In the UK Brunswick, with estimated annual revenues of £46m, is now considerably bigger than Bell Pottinger, which Lord Bell and a business partner took private two years ago in a management buyout. Has the penchant for pariahs hurt the business’s mainstream appeal? On the contrary, Lord Bell argues, for 15 years his old group Chime Communications was number one.
“Brunswick were never anywhere. They’ve tried to do government relations and failed. They’ve tried to go to America and failed,” he suggests. “[Alan Parker] befriended all the banks, the advisers and the parasites who live in the middle of these transactions. I didn’t – I worked for the client.” Brunswick, which has four US offices, declined to comment.
Not that he always took the client’s interests too seriously, particularly when they disregarded his advice, as Jacques Chirac did in the 1988 French election. “Mitterrand walked it and Chirac lost again. But at least we got our fees,” he writes.
As with all PR men, it is unclear whether Lord Bell’s influence is over- or underestimated. Right or Wrong does not reveal much of his art, apart from his close contacts with the editors of the Sun and the Daily Mail. His eight rules of crisis management (see box) are unremarkable, but that may be the point.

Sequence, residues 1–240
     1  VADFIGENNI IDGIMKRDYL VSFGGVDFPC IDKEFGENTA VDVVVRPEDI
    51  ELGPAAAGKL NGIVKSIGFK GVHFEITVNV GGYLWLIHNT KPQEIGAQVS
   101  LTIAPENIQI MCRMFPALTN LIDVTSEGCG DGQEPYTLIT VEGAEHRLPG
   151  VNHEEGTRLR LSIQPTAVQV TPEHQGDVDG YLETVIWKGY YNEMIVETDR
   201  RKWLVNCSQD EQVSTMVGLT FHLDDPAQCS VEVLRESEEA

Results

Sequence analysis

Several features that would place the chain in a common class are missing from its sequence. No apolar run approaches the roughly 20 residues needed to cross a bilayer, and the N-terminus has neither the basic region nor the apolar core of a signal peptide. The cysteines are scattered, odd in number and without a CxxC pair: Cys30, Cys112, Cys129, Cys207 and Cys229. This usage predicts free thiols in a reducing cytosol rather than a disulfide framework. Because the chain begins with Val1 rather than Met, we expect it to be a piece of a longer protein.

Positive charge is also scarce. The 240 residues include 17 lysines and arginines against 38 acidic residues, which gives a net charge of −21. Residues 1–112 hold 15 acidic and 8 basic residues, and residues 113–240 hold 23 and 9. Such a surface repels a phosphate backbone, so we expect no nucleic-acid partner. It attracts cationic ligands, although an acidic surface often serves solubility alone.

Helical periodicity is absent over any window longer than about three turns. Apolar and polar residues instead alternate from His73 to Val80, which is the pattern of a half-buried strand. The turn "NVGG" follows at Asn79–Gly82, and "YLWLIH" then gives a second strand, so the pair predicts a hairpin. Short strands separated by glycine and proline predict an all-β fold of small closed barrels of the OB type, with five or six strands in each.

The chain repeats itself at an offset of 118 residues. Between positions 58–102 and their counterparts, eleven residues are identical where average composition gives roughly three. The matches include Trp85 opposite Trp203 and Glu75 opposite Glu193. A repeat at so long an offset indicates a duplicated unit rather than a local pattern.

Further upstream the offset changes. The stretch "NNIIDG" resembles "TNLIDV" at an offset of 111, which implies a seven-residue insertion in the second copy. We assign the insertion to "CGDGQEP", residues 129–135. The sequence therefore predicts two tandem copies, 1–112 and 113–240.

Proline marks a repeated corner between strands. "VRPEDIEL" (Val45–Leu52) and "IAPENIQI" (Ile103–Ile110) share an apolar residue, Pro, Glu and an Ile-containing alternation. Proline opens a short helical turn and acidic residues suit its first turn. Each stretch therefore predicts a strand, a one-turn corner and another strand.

“I don’t think I’m a genius. I think I’m a perfectly normal person who uses common sense.” Has the game changed? “Persuasion works the same way it always has done.”
Lord Bell’s biggest weapon is his self-assurance. How much responsibility does he bear for the poll tax, the flagship policy that was Thatcher’s greatest PR disaster? “None whatsoever. I wasn’t responsible for government policy.”
Does he really believe – as Right or Wrong says – that Salvador Allende burnt Chile’s electoral rolls? Many historical sources say it was Pinochet’s military junta, I point out. “No, it wasn’t. It was Allende. He was a Marxist,” he says. Anyway, “I never met Pinochet. Actually I did meet him for 10 minutes.”
Does he regret representing Mr Lukashenko, who promised to allow fair elections then didn’t? “When I worked in Belarus, I spent most of the time with the British high commissioner to Belarus picking my brain to find out what Lukashenko was doing.”
Such self-confidence has unnerved Lord Bell’s own clients. Right or Wrong details how Chris Patten, then the Conservative party’s head of research, objected to several proposed Saatchi & Saatchi ads on the basis that they were factually incorrect. The agency’s most famous poster – “Labour Isn’t Working” – was approved despite Tory murmurs that their own policies would increase unemployment further. Nonetheless, Thatcher trusted him. “She used to call me ‘the man on the Clapham omnibus’. She used to think I was in touch with ordinary folk, God knows why,” he says.
Three decades after his political heyday, Lord Bell’s electoral diagnosis has an appealing simplicity. “When you’re in opposition the only argument you’ve got is that it’s time for a change,” he says.
This is what makes the next election in the UK so interesting, he says. “Whatever happens there’s going to be a change. So nobody’s going to be able to do ‘it’s time for a change’ and nobody’s going to be able to do ‘it’s no time for a change’.” Someone might even ask for his campaigning advice.